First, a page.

Lady Ellen’ Restoration – Report 1
I have just received an update from Bruce Mitchinson that details the amazing work being undertaken on Lady Ellen – My comment to Bruce was the she was a very lucky lady – not many launches get this amount to TLC – I’ll let Bruce tell you about the work. Photos below:
“Bilge cleanup done and engine beds re-built to remove rotten sections. New laminated floor at the back to help spread the load of the engine and gearbox, where there was very little support previously. Damaged frame ends removed and new laminated sections spliced in, to run continuous across the keelson. Foredeck re-fastened and fibreglassed to make watertight and to take out the springiness. Bulkhead linings all stripped and new plywood lining has been pre-primed and undercoated ready for installation next week. Rod steering system has been modified, using all the existing components, so that all the workings now sit below the floor, and the wheel lowered to suit the new steering position. New fuel tank beds are being fitted to support the new tanks. Only another 250 copper nails and rooves to replace and we can start painting the inside of the hull.”
You can see & read details on the past work here https://waitematawoodys.com/2017/07/14/lady-ellen-restoration/
13-06-2018 Update from Bruce Mitchinson – Report 2
One year pretty much full time and we have now started on the bits you look at.
Cabin sole framing and floorboards all fitted, and the makings of the new cockpit seating and aft storage. Up to the engine bay, working forward, painting the inside of the hull.
Second coat of epoxy wood primer on over the weekend, should be all white in two weeks’ time, and ready for the engine. Everything that makes it go has been reconditioned or replaced including new shaft bearings, new propeller shaft, and new rudder bearings. Even the windlass has had a complete overhaul, along with the starter motor and the alternators.
Two weeks ago we finished off the last of the hull fastenings and fibreglass so we are all locked up for winter and ready for fairing.
Set up the helm again so we can practice driving when we knock off for a beer at the end of the day.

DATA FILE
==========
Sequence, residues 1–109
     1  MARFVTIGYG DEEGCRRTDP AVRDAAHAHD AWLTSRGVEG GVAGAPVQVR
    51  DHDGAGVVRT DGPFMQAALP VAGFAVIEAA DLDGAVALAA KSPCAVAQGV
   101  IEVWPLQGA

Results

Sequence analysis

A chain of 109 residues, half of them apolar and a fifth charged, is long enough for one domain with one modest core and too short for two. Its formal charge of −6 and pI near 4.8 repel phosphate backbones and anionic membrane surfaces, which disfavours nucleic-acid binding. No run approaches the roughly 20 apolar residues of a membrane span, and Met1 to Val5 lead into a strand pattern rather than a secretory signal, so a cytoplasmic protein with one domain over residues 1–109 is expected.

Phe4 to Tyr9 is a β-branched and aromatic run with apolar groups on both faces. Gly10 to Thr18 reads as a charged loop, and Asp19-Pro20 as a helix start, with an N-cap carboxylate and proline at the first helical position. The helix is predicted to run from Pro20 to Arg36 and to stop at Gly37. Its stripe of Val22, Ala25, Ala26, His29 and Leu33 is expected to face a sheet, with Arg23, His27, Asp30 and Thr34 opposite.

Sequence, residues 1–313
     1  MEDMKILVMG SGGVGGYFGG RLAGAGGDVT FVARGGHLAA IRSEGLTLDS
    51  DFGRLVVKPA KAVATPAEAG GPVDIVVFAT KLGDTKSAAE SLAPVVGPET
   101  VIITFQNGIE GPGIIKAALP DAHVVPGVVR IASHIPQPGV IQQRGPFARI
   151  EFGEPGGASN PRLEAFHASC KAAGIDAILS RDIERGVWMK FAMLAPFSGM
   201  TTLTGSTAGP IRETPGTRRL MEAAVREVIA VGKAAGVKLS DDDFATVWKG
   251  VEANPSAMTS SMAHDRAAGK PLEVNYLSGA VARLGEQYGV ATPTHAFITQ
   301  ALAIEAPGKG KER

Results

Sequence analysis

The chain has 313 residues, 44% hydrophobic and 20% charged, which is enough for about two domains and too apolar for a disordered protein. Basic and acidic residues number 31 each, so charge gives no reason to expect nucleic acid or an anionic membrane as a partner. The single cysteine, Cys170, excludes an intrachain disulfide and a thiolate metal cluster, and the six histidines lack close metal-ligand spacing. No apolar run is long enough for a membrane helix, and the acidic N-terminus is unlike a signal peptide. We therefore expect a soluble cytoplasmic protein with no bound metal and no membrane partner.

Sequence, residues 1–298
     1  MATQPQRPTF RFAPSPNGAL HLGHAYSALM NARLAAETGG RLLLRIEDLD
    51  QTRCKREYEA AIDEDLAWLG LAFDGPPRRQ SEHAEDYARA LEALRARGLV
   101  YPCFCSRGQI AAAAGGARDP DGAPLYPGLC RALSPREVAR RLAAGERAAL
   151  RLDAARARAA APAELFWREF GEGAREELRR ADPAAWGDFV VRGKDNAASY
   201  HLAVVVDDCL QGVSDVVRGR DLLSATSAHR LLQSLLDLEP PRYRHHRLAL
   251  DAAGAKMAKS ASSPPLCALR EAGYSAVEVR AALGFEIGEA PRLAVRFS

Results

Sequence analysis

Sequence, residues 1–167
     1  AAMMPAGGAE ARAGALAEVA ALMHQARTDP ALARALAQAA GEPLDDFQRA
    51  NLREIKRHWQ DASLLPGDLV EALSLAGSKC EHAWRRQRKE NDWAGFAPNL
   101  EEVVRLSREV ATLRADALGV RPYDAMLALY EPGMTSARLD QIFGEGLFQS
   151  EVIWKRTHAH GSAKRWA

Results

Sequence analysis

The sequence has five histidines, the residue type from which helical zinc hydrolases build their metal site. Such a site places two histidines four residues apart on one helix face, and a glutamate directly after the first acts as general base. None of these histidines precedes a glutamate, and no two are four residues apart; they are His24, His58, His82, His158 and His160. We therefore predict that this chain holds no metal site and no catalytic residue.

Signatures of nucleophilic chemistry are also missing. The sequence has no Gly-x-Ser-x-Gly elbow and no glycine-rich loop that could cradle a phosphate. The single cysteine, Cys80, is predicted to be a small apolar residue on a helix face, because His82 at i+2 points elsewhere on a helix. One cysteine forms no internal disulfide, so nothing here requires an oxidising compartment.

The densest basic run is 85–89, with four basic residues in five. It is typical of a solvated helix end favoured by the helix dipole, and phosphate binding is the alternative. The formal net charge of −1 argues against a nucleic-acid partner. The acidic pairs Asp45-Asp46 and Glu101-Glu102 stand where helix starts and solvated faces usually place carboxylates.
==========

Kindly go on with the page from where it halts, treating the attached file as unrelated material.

Pingback: The Launching of Lady Ellen | waitematawoodys.com #1 for classic wooden boat stories, info, advice & news – updated daily
Old school rules 😁
I wouldn’t worry about going to the dark side, Lots of successful spline and glass jobs, and sheath and glass jobs around these days, best leave the carvel boats to the purists like Cam that appreciate a wet bilge and bunk 😛
In the first 6 months we uncovered a lot of stuff and unfortunately LE was well beyond her use by date.
Had to make a decision whether to carry on, or donate her to the local school for the kids to use as a playground or a firewood fundraiser.
A lot of structural repair was done insitu, using epoxy resin, and modern lamination techniques so we had already moved to the dark side well before the deliberations on the planking [we had also used power tools and a hot water jug to make coffee, all running off the electric].
Splining and glassing the hull wasn’t the original intention, but it came apparent that this was the only viable way to get LE back in the water.
Carvel is cool, but we now place our trust in resin and dust.
A friend of mine has a 30 Square Metre that was splined and fibreglassed 20 years ago she still looks like new and remains dry in the bilge.
This boat doesn’t sit around either, raced hard most weeks, and loaded up with rig tension and keel and rudder torsional stress.
If I don’t have to do anything major for 10 years I will be happy.
LikeLiked by 1 person
Good thickness of dry planking refastened to strong floor timbers etc and splined then glassed has worked dozens and dozens of times in past here and overseas with great results. Secret is to keep bilges dry inside as planks will absorb water wether splined or sheathed in ply. Thrs always going to be the occasional failure on a boat rebuild due to dozens of reasons. Hey it’s a boat end of day. Always something to go wrong. I doubt this one will give any issues at all. Bruce is to be commended!!!!
Always going to be the doomsday types out thr trying to pour buckets of water on the fire tho eh ?
No diagonal sheathing, just re-fastened and then splined.
looks like it’s over splined planks….. will work for a while….
Has the underwater area been glass sheathed without a diagonal of timber first?
New work-in-progress photos added. Alan H
New photos added. Alan H
The engine beds are about 1.8m long and sit across about 9 frames to spread the load. They lock into the bulkhead forward and were checked into a floor at the back, where they tapered off to only 120mm high. I guess that the original engine sat in there OK and was much lighter than the 6 cyl Ford, with hydraulic box and Lees 2:1 gear hanging off the back, that has been in the boat since the 80’s. Yep, it never fell out the bottom but the boat did feel a bit soft, and there was a bit of vibration with a some load on. My boat builder is a lot happier with the set up now, and I wont be so anxious when I go past 1200rpm. Bruce
How wonderful to see her getting what she so richly deserves — FANTASITIC JOB BRUCE!!– She is certainly one of Mac’s really good boats & as I knew her & her early owners so very well, they will be looking down & smiling I’m sure.
Am a little surprised at the shortness of her engine beds — Mac usually made them longer than that, however the engine did not fall out the bottom, so must be all ok. — KEEP UP THE GREAT WORK BRUCE. — ken r